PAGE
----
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Engineering

Upgrading to the Django Rest Framework V3

John Majikes | January 24, 2018

Due to security, reliability, and growth reasons, organizations are constantly upgrading their software to newer releases. Some upgrades are incremental and minor in nature. Others, like the upgrade from Django Rest Framework (DRF) V2 to V3, require coding changes due to incompatibilities between the releases. This article is about BitSight's upgrade experience, lessons learned, and how we improved because of it.

Django Rest Framework (DRF)

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DRF is a toolkit for authentication, Object Relational Management (ORM), and REST endpoint management. As such, it's a critical part of the customer portal, which is our product’s user interface. Instead of detailing all the changes required to upgrade from DRF 2.4 to DRF 3.6, we refer readers to the DRF 3.0 Announcement page.

There were three specific reasons why BitSight needed to upgrade to DRF 3. The first was an immutable DRF request object which could be a potential security enhancement; by disallowing the alteration of requests, requests could not be spoofed. The second reason was the difficulty of understanding multi-release documentation with differing specifications. Consider a Google search of how to validate field data. Both DRF versions use method validate_<field_name>, but the signature changed between DRF 2 and 3. The third reason was the need for newer functionality like pagination of large amounts of data returned to the customer portal.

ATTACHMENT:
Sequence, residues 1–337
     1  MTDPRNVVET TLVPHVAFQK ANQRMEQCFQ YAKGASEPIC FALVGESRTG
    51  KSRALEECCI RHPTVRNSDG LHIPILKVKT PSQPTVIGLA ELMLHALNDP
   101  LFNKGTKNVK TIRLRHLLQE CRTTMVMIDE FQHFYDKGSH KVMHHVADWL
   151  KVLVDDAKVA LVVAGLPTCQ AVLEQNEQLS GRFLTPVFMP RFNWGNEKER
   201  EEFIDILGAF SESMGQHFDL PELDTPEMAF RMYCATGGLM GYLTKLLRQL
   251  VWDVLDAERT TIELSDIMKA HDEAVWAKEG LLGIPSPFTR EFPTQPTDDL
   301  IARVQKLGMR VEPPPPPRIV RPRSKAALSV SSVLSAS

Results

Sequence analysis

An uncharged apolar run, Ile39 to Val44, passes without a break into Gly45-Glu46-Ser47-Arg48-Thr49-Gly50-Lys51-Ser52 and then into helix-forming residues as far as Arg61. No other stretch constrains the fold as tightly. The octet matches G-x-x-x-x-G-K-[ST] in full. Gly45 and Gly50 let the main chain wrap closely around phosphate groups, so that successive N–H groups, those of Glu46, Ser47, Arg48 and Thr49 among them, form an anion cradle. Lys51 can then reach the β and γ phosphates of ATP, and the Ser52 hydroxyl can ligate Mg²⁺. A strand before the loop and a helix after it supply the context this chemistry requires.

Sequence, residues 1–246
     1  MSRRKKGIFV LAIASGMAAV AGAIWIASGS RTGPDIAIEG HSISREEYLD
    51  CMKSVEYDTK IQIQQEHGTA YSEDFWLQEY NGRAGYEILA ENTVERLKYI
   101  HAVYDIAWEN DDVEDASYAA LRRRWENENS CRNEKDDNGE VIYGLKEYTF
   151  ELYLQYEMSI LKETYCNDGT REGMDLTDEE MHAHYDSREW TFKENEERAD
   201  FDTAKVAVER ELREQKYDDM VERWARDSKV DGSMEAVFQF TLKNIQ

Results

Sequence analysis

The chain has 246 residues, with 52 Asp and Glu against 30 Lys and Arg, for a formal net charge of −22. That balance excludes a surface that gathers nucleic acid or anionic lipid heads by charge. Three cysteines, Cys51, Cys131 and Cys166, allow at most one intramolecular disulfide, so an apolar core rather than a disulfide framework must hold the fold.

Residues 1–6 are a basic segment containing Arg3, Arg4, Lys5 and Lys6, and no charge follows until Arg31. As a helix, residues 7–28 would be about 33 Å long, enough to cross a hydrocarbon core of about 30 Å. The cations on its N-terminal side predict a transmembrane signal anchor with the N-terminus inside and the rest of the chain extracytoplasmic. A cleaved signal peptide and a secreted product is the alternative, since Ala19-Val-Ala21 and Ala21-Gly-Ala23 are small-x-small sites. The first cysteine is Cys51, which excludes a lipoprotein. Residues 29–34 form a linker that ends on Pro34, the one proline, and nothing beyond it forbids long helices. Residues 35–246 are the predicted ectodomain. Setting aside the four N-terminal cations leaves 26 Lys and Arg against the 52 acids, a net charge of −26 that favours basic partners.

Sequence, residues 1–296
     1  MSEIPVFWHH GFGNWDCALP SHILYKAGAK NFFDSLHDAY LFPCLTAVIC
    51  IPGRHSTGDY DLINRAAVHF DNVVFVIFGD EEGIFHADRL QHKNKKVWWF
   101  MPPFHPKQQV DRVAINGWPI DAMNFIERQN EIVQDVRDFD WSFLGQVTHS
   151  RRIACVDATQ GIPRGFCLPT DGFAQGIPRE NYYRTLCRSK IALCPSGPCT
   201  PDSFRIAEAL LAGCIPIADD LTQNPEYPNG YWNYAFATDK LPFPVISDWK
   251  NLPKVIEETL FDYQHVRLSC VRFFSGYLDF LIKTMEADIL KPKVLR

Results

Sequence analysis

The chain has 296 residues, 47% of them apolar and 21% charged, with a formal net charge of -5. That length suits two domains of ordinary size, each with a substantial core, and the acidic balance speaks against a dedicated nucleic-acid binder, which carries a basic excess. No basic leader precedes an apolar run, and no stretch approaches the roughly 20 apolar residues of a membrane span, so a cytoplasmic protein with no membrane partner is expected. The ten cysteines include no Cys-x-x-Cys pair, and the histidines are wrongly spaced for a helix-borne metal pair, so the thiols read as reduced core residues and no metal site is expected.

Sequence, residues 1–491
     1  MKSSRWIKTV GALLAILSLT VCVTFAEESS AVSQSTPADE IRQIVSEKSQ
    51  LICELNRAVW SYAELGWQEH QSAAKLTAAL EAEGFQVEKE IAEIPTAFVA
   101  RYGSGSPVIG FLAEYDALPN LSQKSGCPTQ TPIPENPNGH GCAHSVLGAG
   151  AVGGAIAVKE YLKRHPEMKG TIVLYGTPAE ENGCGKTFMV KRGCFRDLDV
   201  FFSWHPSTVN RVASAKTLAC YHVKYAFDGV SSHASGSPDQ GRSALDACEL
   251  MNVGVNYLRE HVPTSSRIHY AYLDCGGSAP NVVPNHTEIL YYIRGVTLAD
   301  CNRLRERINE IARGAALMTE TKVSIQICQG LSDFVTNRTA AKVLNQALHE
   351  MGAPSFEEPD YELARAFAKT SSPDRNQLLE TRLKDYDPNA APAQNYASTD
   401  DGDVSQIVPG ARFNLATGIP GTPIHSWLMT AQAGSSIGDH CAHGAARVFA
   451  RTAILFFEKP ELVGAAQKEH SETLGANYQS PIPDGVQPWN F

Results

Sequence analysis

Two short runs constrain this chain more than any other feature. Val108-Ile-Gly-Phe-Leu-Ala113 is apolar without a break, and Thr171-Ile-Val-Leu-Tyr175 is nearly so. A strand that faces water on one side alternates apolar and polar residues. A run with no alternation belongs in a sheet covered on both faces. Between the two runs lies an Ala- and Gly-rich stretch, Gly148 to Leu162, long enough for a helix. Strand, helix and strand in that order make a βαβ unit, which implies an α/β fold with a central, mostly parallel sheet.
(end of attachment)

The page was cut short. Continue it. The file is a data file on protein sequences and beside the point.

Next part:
There were two less obvious reasons to upgrade.  The first was a decrease in developer productivity. In order to get some required DRF 3 functionality into our product we created our own ad-hoc implementations of that functionality. The other less obvious reason was that developing on older releases might impact our ability to recruit engineers; it is certainly more attractive to work with the latest tools than older, out-of-date releases.

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How did we approach the upgrade?

As with the beginning of any project, we needed to create estimates before making any code changes, but we faced several challenges. We made estimates of the time and effort needed to migrate to DRF 3, knowing that until the actual upgrade began the estimates might be suspect. From our experience with previous upgrade efforts, we knew that as functionality was continuously added to the code base the upgrade estimates would become less accurate. The accuracy would impact not only the resource planning, but during project retrospective we would have difficulty determining how to attribute any difference between the estimate and actual time required to complete the upgrade.